The secret history of Las Vegas : a novel
by by Chris Abani
Publishers Weekly Lambent prose lifts this offbeat crime novel from PEN/Hemingway Award-winner Abani (The Virgin of Flames), who effortlessly captures the essence of Sin City: "Here in Vegas the glamour beguiled and blinded all but those truly intent on seeing, and in this way the tinsel of it mocked the obsessive hope of those who flocked there." Two years after "dead homeless men had begun appearing in dumps of ten," the body dumps resume. Las Vegas PD's Detective Salazar gets a promising, if bizarre lead, when a park ranger discovers conjoined twins, who call themselves Fire and Water, near the scene of the abandoned corpses. Fire is just a body fragment consisting of a head, two arms, and a toe sticking out of his brother's torso. More important than the complicated mystery's resolution is the author's haunting examination of human cruelty, including scenes of experimentation that are almost too painful to read. Agent: Ellen S. Levine, Trident Media Group. (Jan.) (c) Copyright PWxyz, LLC. All rights reserved.
(c) Copyright PWxyz, LLC. All rights reserved
Book list Instead of revolving around glitz and glamour, Abani's novel, set in contemporary Las Vegas, focuses on guilt, vengeance, and political and personal power. It brings together two very different characters: a crass, hotheaded Las Vegas detective named Salazar and Sunil Singh, originally from South Africa, who is researching psychopathic behavior for the U.S. Army. Entwined in the story are Singh's memories of apartheid South Africa, especially Soweto, where he grew up in poverty amid the political upheaval of the 1970s. The two men met previously when Salazar called on Singh to help him with a case: bodies of homeless men being dumped in a remote area of the city. That case was never solved. Now the body of a teenage girl has turned up in the same area, and Salazar is determined to reopen the case. He immediately finds two suspects . . . conjoined twins Fire and Water. When the twins stubbornly refuse to cooperate, Salazar calls on Singh to evaluate their mental health. What follows is an intricate braid of story strands, enriched by vivid descriptions, intriguingly dysfunctional characters, and abundant metaphors. Expect the unexpected.--Zvirin, Stephanie Copyright 2010 Booklist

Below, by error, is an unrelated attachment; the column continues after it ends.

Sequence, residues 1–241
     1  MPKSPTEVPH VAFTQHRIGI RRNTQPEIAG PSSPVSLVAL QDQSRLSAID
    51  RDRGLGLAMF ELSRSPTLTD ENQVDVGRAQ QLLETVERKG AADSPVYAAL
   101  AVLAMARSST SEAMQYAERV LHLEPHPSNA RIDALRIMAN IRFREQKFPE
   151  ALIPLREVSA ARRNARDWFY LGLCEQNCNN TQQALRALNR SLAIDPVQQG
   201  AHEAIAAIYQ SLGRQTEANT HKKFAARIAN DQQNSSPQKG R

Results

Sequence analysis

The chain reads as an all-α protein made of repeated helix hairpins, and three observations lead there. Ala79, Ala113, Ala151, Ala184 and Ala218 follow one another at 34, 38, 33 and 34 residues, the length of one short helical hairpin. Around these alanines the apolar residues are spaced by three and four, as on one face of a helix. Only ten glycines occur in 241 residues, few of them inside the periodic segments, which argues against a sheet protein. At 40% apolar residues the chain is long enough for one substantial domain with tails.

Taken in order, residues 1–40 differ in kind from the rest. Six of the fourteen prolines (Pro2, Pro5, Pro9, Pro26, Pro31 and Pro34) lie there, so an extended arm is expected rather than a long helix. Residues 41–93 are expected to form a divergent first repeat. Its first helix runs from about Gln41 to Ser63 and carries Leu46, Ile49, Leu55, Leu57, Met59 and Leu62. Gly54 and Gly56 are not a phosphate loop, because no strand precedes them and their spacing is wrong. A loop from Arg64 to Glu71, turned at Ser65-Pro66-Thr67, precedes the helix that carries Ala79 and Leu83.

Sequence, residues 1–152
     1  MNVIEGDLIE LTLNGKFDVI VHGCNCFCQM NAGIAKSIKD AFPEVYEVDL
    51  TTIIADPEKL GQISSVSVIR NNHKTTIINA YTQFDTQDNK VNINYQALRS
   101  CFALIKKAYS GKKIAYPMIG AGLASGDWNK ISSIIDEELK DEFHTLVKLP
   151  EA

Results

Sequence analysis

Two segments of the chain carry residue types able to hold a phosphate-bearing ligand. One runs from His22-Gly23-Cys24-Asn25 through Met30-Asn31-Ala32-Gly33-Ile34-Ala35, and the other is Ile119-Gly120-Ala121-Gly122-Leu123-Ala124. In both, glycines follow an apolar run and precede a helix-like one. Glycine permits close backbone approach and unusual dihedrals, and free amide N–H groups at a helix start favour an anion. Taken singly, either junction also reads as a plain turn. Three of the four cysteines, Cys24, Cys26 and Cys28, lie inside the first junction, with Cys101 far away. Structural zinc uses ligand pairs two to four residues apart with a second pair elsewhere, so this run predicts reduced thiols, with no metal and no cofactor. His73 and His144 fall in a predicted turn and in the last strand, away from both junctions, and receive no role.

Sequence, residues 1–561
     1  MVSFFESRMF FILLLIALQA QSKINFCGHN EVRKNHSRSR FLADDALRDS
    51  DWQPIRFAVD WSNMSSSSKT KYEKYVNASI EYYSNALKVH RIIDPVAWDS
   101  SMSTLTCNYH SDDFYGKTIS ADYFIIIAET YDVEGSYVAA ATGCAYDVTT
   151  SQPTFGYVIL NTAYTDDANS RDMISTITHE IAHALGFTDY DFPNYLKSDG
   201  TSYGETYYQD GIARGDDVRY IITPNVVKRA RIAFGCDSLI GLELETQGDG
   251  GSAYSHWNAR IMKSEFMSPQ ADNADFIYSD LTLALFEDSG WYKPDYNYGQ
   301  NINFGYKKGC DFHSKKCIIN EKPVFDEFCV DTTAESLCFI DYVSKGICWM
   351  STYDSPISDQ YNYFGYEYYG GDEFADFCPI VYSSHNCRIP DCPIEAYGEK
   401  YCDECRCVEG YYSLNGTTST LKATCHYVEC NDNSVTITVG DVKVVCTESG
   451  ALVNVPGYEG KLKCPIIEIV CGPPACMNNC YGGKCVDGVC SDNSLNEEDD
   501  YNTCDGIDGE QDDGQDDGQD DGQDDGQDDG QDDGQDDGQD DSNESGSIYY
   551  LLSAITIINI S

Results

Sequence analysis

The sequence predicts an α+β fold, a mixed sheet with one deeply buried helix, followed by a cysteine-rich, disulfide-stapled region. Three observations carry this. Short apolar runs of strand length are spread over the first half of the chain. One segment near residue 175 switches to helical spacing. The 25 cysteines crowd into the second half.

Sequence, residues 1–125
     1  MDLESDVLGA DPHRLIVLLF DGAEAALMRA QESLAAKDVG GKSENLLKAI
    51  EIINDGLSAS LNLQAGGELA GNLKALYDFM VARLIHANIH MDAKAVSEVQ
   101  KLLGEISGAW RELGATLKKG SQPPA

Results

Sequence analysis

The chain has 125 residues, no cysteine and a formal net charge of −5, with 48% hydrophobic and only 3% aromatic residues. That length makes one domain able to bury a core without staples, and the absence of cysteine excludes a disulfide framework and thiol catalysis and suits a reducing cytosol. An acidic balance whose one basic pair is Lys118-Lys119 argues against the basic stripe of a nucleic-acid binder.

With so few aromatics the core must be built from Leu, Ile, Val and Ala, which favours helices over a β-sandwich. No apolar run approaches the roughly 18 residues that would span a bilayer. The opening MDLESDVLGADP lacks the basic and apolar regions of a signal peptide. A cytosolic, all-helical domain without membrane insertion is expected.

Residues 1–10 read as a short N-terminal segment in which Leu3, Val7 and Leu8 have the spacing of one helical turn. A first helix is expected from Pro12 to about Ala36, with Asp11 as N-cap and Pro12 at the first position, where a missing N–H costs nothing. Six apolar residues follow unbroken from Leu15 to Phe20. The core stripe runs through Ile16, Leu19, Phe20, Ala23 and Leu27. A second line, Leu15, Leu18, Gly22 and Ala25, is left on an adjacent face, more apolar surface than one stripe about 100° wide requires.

From Booklist, Copyright © American Library Association. Used with permission.
Library Journal Prickly detective Salazar believes conjoined twins Water, a handsome six-footer, and Fire, a foot-long protuberance from Water's side, are responsible for mass-murder body dumps. They aren't. Salazar enlists the help of psychosis researcher Sunil Singh, a man who can ponder Lacan while making love to his prostitute girlfriend and whose past is darkened by atrocities under apartheid (and is thus being stalked by a former colleague bent on his destruction). Singh knows for certain that the twins are innocent of the body dumps (though not innocent of everything, as it turns out), because he knows who is responsible: his employer, the Institute. (Nothing is given away here that the book doesn't freely reveal.) There are many deaths and murders, most accounted for, but only one is actually "solved"-the shooting of Singh's stalker by Salazar. The book gets off to kind of a clunky start, but then the narrative takes off, and it's interesting to watch the developing relationship between Salazar and Singh right up to the fiery conclusion. VERDICT More George Pelecanos than John Grisham, Abani, PEN Beyond the Borders Award winner for Song for Night, is for those who like deep background behind the plot. Safe bet: this will be the oddest mystery of 2014.-Robert E. Brown, Oswego, NY (c) Copyright 2014. Library Journals LLC, a wholly owned subsidiary of Media Source, Inc. No redistribution permitted.
(c) Copyright Library Journals LLC, a wholly owned subsidiary of Media Source, Inc. No redistribution permitted.